"You never know what the American public is going to do, but you do know they will do it all at once." -- Bill Seidman

This is why bubbles happen. People assume they can think for themselves, but safety in numbers is far more appealing.  

"A reliable way to make people believe in falsehoods is frequent repetition, because familiarity is not easily distinguishable from the truth." -- Daniel Kahneman

This is why people read and listen to the same pundits who say the same thing all day long. 

"Acknowledging what you don't know is the dawning of wisdom." -- Charlie Munger 

You are exponentially dumber than you think you are. 

Good luck. 

Check back every Tuesday and Friday for Morgan Housel's columns on finance and economics. 

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4 in 5 Americans Are Ignoring Buffett's Warning

Don't be one of them.

Jun 12, 2015 at 5:01PM

Admitting fear is difficult.

So you can imagine how shocked I was to find out Warren Buffett recently told a select number of investors about the cutting-edge technology that's keeping him awake at night.

This past May, The Motley Fool sent 8 of its best stock analysts to Omaha, Nebraska to attend the Berkshire Hathaway annual shareholder meeting. CEO Warren Buffett and Vice Chairman Charlie Munger fielded questions for nearly 6 hours.
The catch was: Attendees weren't allowed to record any of it. No audio. No video. 

Our team of analysts wrote down every single word Buffett and Munger uttered. Over 16,000 words. But only two words stood out to me as I read the detailed transcript of the event: "Real threat."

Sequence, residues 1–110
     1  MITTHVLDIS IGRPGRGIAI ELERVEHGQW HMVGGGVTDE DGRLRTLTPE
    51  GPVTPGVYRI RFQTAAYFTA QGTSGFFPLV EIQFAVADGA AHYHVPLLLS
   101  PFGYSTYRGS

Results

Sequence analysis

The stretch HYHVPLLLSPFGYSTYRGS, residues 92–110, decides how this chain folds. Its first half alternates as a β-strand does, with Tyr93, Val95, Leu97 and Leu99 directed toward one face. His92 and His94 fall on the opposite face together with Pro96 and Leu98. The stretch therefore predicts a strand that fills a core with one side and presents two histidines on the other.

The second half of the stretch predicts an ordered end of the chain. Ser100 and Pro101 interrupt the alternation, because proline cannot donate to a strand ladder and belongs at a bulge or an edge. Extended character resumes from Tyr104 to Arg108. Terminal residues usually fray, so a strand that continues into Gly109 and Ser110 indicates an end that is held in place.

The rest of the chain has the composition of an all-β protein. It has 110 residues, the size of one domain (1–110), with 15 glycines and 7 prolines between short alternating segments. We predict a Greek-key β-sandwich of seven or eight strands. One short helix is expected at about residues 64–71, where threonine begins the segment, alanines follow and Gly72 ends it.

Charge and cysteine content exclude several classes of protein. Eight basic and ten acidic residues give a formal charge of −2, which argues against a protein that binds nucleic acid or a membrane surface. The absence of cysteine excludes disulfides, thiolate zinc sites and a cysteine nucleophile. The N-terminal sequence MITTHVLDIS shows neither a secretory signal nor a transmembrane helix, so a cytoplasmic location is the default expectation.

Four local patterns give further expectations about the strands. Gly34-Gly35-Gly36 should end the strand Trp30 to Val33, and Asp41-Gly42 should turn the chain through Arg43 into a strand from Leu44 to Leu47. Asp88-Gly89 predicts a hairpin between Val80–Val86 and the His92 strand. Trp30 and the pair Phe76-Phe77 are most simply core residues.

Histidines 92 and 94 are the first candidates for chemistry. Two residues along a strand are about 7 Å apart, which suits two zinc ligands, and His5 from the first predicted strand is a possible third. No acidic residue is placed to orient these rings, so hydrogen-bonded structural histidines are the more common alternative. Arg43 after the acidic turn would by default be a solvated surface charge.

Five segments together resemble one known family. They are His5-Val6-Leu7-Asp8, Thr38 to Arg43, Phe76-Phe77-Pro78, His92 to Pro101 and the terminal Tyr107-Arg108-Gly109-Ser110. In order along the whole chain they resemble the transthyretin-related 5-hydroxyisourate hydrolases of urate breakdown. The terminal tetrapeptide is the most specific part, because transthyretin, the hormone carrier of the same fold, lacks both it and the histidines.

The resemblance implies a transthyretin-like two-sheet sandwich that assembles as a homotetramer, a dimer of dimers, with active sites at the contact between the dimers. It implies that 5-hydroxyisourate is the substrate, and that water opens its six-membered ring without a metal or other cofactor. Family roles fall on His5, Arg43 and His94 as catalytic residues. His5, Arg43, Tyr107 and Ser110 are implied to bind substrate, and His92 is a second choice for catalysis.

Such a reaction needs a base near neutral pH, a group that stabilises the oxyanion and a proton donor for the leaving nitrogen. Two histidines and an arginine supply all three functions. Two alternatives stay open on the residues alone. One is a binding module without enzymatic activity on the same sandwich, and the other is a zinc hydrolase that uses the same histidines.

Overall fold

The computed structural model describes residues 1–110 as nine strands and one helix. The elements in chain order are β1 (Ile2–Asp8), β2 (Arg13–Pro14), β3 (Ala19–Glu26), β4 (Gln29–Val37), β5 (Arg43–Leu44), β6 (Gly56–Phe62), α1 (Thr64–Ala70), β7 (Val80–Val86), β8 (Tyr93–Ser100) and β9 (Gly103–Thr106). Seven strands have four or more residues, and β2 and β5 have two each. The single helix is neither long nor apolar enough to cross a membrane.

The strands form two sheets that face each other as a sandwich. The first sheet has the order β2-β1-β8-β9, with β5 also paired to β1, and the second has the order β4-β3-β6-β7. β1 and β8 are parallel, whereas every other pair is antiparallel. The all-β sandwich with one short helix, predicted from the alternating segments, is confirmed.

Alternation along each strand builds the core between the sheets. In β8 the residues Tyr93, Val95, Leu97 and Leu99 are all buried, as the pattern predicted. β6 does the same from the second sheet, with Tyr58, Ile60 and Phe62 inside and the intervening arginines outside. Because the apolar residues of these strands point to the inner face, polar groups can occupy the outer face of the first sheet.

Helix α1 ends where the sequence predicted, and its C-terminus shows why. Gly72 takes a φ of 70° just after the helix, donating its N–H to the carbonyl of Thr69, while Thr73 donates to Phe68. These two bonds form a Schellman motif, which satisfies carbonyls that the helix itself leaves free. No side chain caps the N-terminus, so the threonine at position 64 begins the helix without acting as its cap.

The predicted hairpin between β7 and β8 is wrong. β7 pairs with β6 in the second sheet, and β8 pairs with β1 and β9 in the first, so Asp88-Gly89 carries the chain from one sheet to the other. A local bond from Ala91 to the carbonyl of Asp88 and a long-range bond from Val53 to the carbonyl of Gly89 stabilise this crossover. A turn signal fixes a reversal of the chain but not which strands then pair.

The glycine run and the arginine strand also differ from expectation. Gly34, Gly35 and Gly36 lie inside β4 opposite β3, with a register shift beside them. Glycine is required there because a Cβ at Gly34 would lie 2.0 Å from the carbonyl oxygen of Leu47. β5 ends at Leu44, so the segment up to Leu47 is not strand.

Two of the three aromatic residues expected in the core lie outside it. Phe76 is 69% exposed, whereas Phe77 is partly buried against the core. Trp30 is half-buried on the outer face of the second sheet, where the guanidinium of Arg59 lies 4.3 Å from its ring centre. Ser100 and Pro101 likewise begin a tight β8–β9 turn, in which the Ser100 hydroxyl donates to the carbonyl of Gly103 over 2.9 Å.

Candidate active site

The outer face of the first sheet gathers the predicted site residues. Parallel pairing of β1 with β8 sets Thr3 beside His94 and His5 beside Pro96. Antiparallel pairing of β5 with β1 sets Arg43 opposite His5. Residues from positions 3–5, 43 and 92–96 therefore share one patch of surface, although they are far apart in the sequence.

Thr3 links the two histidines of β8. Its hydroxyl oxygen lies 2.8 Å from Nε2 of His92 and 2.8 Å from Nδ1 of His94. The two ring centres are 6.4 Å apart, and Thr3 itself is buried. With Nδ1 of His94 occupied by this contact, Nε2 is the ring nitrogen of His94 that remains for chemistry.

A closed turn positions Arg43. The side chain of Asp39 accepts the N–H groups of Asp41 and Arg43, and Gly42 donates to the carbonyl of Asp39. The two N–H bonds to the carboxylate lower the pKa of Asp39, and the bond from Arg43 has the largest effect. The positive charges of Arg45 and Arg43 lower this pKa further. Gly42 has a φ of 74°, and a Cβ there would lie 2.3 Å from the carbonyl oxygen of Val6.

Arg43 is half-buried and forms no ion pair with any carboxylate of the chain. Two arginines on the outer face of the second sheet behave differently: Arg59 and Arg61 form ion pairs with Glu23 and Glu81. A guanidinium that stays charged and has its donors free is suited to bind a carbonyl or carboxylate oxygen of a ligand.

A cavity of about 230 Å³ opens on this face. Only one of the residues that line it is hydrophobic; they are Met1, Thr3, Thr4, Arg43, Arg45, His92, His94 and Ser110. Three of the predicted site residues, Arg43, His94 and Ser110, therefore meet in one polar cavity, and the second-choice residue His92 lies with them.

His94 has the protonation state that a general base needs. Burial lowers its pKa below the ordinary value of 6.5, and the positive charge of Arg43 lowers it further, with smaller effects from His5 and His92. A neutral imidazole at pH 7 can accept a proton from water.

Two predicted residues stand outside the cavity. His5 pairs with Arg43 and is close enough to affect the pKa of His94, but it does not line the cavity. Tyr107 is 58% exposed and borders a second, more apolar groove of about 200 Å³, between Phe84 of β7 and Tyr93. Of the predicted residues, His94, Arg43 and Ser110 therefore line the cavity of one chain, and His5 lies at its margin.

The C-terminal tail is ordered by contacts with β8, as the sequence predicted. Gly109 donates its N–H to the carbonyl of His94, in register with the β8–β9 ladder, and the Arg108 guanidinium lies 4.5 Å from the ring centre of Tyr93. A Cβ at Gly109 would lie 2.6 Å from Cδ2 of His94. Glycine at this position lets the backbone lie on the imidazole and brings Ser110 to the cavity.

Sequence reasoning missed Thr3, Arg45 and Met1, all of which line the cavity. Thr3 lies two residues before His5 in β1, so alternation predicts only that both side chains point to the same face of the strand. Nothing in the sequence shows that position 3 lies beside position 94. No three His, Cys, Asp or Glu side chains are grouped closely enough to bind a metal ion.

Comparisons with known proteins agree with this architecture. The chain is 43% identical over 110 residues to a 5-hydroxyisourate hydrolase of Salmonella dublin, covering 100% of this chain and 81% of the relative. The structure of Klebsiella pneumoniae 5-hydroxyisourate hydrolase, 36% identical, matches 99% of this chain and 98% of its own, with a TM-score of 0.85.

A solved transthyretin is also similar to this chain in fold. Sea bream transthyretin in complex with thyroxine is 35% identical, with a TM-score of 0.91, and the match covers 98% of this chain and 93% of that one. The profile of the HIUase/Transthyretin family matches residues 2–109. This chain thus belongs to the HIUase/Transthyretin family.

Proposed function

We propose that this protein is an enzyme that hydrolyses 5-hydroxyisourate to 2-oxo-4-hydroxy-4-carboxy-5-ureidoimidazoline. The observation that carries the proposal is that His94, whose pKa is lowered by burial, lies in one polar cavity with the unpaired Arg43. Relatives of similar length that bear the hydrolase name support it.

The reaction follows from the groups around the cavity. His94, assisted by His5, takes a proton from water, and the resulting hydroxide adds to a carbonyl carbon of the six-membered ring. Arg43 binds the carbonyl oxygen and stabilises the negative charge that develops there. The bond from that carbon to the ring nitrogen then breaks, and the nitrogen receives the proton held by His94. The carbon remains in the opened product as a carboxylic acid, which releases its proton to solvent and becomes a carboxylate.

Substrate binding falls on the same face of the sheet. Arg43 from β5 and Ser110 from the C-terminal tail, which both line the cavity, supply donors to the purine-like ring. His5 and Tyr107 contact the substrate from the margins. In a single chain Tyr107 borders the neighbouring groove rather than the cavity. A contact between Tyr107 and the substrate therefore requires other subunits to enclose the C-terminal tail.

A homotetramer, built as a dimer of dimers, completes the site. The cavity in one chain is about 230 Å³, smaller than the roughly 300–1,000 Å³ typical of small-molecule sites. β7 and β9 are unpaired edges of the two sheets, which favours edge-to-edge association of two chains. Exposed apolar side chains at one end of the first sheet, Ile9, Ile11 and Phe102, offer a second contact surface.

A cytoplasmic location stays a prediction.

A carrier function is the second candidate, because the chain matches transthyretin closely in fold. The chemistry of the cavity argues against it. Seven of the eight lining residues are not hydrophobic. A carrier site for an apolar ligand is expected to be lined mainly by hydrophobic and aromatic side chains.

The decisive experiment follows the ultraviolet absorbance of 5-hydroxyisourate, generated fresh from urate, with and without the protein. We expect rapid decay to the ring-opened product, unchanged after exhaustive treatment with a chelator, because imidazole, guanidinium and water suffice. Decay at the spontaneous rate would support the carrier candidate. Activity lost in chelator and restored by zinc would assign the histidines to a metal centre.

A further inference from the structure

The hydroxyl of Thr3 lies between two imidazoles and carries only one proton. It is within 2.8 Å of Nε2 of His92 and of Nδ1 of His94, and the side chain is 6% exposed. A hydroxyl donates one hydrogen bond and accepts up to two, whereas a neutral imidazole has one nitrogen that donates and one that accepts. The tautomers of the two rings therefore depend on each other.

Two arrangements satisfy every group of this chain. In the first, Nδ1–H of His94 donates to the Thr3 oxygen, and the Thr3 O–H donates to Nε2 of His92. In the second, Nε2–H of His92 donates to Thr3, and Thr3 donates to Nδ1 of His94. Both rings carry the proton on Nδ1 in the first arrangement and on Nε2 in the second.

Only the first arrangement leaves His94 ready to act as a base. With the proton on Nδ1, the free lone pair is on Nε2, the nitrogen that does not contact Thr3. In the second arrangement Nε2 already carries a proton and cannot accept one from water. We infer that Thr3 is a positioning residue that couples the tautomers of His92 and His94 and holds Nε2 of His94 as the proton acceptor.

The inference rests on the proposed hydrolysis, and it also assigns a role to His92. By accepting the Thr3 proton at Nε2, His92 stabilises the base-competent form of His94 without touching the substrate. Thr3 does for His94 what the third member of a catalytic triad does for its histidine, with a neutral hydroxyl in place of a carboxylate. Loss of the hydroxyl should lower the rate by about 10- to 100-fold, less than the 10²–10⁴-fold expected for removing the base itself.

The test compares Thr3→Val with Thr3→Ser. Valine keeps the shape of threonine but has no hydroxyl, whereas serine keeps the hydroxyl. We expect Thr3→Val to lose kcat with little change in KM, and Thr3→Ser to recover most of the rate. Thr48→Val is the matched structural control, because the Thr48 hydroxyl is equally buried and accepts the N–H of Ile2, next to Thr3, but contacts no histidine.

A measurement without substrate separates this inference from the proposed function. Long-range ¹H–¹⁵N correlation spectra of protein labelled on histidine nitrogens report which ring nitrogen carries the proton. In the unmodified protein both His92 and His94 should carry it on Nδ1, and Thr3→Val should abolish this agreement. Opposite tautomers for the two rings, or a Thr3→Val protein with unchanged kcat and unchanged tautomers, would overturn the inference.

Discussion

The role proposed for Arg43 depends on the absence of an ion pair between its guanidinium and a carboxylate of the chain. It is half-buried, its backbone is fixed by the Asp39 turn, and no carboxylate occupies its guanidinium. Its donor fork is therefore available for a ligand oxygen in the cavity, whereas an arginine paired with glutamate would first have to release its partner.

That's how Buffett responded when asked about this emerging market that is already expected to be worth more than $2 trillion in the U.S. alone. Google has already put some of its best engineers behind the technology powering this trend. 

The amazing thing is, while Buffett may be nervous, the rest of us can invest in this new industry BEFORE the old money realizes what hit them.

KPMG advises we're "on the cusp of revolutionary change" coming much "sooner than you think."

Even one legendary MIT professor had to recant his position that the technology was "beyond the capability of computer science." (He recently confessed to The Wall Street Journal that he's now a believer and amazed "how quickly this technology caught on.")

Yet according to one J.D. Power and Associates survey, only 1 in 5 Americans are even interested in this technology, much less ready to invest in it. Needless to say, you haven't missed your window of opportunity. 

Think about how many amazing technologies you've watched soar to new heights while you kick yourself thinking, "I knew about that technology before everyone was talking about it, but I just sat on my hands." 

Don't let that happen again. This time, it should be your family telling you, "I can't believe you knew about and invested in that technology so early on."

That's why I hope you take just a few minutes to access the exclusive research our team of analysts has put together on this industry and the one stock positioned to capitalize on this major shift.

Click here to learn about this incredible technology before Buffett stops being scared and starts buying!

David Hanson owns shares of Berkshire Hathaway and American Express. The Motley Fool recommends and owns shares of Berkshire Hathaway, Google, and Coca-Cola.We Fools don't all hold the same opinions, but we all believe that considering a diverse range of insights makes us better investors. The Motley Fool has a disclosure policy.